The advancement of communication technologies and mass media including the internet over the last five decades, has been effective in making our world a smaller place.
In addition to this, mass transit systems have grown to such an extent that even traveling from say, Nigeria to British Virgin Islands is possibly in a day and with just two flight changes. However, it is remarkable how this change, which one could arguably label as development hasn’t affected the lives of certain indigenous people who continue to lead simple lives; hunting, grazing and eating raw food.
Counted amongst the few ‘Lost Tribes’ left in this world are the Sentinelese people of the Andamans. Described as ‘The most isolated people in the world,’ the Sentinels inhabit North Sentinel Island, part of the Great Andaman archipelago in the Bay of Bengal. The Sentinelese people are believed to be direct descendants of the first humans who lived in Africa, and have lived on the small forested Island for over 60,000 years.
Infact, it is widely believed that the Sentinelese haven’t discovered fire yet, nor do they have any knowledge about agriculture. What we do know through observation is that they live on eating marine animals, lizards and coconuts which they break open with their sharp teeth.
But the main reason, why so little is known of these people including their population size, is their hostility towards any external contact. Attempts to reach out to these people have largely proven to be futile, as most people who have gone to the island have either returned injured or not returned at all. The Indian Government however, did manage to include them for the 2001 census, albeit from afar. It estimated their total number to be 39, which is however believed to be inaccurate. The main reason why it’s impossible to accurately predict their numbers is because many of them are believed to be in hiding.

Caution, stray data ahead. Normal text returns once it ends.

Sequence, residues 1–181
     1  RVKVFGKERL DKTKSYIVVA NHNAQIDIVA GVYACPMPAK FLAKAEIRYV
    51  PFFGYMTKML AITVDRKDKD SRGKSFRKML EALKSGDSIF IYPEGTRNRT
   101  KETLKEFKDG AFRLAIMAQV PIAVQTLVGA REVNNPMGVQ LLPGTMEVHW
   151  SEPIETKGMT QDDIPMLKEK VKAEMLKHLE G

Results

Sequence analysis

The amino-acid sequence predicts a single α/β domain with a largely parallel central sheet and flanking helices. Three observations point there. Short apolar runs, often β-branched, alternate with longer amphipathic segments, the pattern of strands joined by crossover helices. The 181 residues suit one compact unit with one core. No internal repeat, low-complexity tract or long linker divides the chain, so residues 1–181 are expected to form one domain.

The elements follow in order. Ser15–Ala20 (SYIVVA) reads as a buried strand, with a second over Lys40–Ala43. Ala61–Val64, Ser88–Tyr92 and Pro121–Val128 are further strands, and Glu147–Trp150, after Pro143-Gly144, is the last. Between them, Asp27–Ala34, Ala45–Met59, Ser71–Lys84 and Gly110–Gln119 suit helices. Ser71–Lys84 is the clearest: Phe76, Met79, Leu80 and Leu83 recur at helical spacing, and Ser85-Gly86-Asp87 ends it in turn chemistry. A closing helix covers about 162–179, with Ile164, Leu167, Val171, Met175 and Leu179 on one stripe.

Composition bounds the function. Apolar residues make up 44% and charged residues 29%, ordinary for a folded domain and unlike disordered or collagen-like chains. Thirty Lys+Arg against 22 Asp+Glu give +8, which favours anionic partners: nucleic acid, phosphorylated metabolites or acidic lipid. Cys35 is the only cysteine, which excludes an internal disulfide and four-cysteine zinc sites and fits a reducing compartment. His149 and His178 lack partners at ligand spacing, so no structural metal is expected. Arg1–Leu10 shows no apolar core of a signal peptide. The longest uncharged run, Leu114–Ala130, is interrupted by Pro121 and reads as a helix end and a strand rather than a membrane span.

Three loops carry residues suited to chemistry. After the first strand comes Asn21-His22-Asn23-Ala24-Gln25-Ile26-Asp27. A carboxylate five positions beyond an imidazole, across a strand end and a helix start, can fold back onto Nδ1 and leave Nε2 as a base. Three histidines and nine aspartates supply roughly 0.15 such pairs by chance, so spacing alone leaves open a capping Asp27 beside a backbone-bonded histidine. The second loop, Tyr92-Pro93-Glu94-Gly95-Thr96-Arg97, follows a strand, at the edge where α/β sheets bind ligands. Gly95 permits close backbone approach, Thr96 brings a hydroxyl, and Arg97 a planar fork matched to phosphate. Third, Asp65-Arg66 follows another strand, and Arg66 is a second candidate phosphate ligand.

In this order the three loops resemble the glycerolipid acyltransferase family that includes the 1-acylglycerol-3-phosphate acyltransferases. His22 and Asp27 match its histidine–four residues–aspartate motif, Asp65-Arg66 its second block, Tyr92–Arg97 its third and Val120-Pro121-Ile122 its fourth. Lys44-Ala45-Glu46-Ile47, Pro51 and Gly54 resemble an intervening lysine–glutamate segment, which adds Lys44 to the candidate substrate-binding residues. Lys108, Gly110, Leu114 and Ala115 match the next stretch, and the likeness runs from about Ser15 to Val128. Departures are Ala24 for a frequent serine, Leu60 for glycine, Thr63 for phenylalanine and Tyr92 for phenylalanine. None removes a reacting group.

What’s interesting to know though is that, India has officially declared the Sentinelese people as a Scheduled Tribe! However, it is not clear if the Sentinelese know what India is or even the fact that we call them as The Sentinelese.
Most of what we know about them is through failed scientific expeditions throughout the late 21st century which aimed at integrating the tribe into modern society. In one such expedition in the 1990s the Sentinelese for the first time were found to be non-hostile to outside presence on their island. But, much of this was reversed in 2006, when two fishermen who accidentally reached the island were killed. Even the coast guard helicopter which had gone there to retrieve their bodies was shot at it with arrows.
Visuals shot from Helicopters show that the tribe survived the 2004 Tsunami, and rejected attempts for any aid in the form of food supplies.
The Indian government has now declared North Sentinel Island a ‘no go zone.’
This might be for the best, given what’s happened to the other tribes in the Andaman Islands since contact. The Jarawans, first contacted in 1997, lost 10 percent of their population to measles in the first two years of exposure, suffering endemic disease, dislocation, and sexual abuse by settlers and police ever since. It is quite possible that the Sentinelese too have no immunity from common diseases, considering that they have been isolated from other humans for 60,000 years.
Thus, for their survival it would be best if the Sentinelese remain in isolation, and this is something that they perhaps do understand.